This will depend a lot on your organization. You may want to categorize articles by product, by features, by use case, or by article type. What feels like it will be the most intuitive to your customers? 

While the structure of your knowledge base is important, great search functionality can make up for a less-than-perfect structure. You can also easily change the organization of your knowledge base later, so don’t get too caught up on this.

Step 6: Create content style guide(s)

 Style guides help to bring continuity to your documentation. They create a consistent experience and enable your customers to focus on what they’re reading or watching.

That’s why you should create a style guide for each type of help article you’re writing. 

For example, every product user guide should have the same key sections in the same order.

Every how-to article should follow the same basic outline of what the customer is trying to accomplish and step-by-step instructions on how to accomplish it. 

FAQ articles should follow the same pattern of stating the question and then stating the answer below it. 

Step 7: Design your knowledge base for a great customer experience

Searchability is key to a great knowledge base. This means you need to write content that uses the same terms your customers use. It also applies to the design of your knowledge base itself. 

Make sure you have a search bar that’s front and center. Something that’s so obvious it can’t be missed.

Here’s an example from KnowledgeOwl’s Support Knowledge Base:

A screenshot of KnowledgeOwl's Support Knowledge Base.

If you’re using a tool like KnowledgeOwl for your new knowledge base, it’s also a good idea to design a feedback loop for your knowledge base. Ratings help you understand where you can improve your knowledge base over time, typically through a binary thumbs up / thumbs down or a five star rating system. 

The bottom line is that you should remember to keep the customer experience in mind as you design your knowledge base to meet their needs. 

Phase 3: Content creation, organization, and structure (Days 7 through 26)

Phase three shifts your focus to your content. It’s by far the largest phase of the project, and for good reason. 

Your documentation is the heart of your knowledge base. Without clear documentation that answers the questions and resolves the issues your customers have, your knowledge base is pretty useless. In fact, a knowledge base that isn’t actually helpful can increase customer frustration — the exact opposite of what you’re after.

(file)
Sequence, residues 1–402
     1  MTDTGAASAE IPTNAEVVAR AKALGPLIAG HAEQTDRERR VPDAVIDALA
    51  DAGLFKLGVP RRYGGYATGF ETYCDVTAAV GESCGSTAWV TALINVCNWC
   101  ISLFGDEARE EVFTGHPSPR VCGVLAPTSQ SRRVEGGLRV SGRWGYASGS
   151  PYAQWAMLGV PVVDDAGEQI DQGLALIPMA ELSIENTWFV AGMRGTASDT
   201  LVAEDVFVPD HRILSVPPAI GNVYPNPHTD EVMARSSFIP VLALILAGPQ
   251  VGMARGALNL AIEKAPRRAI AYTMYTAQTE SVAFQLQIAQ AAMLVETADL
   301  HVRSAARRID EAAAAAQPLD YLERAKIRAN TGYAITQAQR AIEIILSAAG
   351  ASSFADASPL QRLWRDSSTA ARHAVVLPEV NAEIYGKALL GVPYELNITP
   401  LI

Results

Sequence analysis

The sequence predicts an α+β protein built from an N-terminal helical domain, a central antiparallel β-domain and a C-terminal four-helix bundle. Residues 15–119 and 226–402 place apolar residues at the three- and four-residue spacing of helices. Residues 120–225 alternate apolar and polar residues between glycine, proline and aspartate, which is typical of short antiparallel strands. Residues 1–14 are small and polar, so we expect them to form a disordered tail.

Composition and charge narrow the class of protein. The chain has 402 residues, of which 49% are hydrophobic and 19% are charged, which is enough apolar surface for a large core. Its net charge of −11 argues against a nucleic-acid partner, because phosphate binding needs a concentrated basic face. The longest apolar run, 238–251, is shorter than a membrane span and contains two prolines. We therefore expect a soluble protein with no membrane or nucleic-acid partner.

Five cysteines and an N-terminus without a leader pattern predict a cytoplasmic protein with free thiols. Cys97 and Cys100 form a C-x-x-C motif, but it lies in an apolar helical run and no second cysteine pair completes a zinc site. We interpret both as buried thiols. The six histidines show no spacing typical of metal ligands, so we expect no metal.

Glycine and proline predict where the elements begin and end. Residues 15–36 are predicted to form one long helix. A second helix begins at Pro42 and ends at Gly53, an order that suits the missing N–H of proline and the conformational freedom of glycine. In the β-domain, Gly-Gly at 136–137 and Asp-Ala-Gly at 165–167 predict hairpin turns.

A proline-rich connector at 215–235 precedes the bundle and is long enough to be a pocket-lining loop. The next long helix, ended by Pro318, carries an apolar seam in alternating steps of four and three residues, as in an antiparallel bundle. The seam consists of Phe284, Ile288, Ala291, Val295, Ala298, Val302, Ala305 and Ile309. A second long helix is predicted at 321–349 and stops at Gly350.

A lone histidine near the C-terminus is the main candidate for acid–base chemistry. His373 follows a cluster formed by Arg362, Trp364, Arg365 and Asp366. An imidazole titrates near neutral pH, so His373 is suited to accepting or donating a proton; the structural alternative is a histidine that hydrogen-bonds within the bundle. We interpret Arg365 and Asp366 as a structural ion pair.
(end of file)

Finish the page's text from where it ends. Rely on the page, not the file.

Step 8: Write your content

This may seem self-explanatory, but writing content that is useful and meets your customers’ needs is more difficult than it sounds. Take just a little bit of time to learn how to write a helpful knowledge base article.

If you collected all of your existing documentation in step 1, then you may already have a good head start on this step. Use those resources to speed up your writing process — just remember that resources meant for internal users may need heavy editing before they’re helpful for customers.

As you write your help articles here are some things to keep in mind that will speed up the process and provide value to your customers:

  • Categorize them in a way that makes sense. Your customers should be able to easily browse your knowledge base and find what they need. You’ve already decided on the high-level structure for your knowledge base, so keep that in mind as you write.
  • Don’t make one article do all the heavy lifting. It can be tempting to start writing about one thing and have the scope of the article expand as you write — your how-to guide might turn into a Frankenstein of FAQs, how-tos, troubleshooting tips, and more. A better approach is to keep each article focused on one specific task.
  • Keep information concise and clear. This makes it easier for your customers to read your documentation and easier for you to write them.
  • Keep your titles plain. Your titles should accurately describe what the help article is about. This helps a lot with searchability and navigation.
  • Avoid jargon. Unless there are specific terms you know your customers use, avoid using industry jargon. Write how your customers speak. Use plain language in your title and throughout your article.
  • Use formatting well. Break up your content by using headings, bullet points, images, tables, and videos to supplement the text. This improves the readability of your help content and gives your customers options.

Step 9: Edit your content

If you have a team working with you —and I highly recommend you don’t do this alone if you can help it — then make editing a collaborative process. 

As soon as you’re finished writing an article, have someone else on your team look it over. They can suggest edits, check the quality, and provide a fresh pair of eyes to make sure it will do the job for your customers.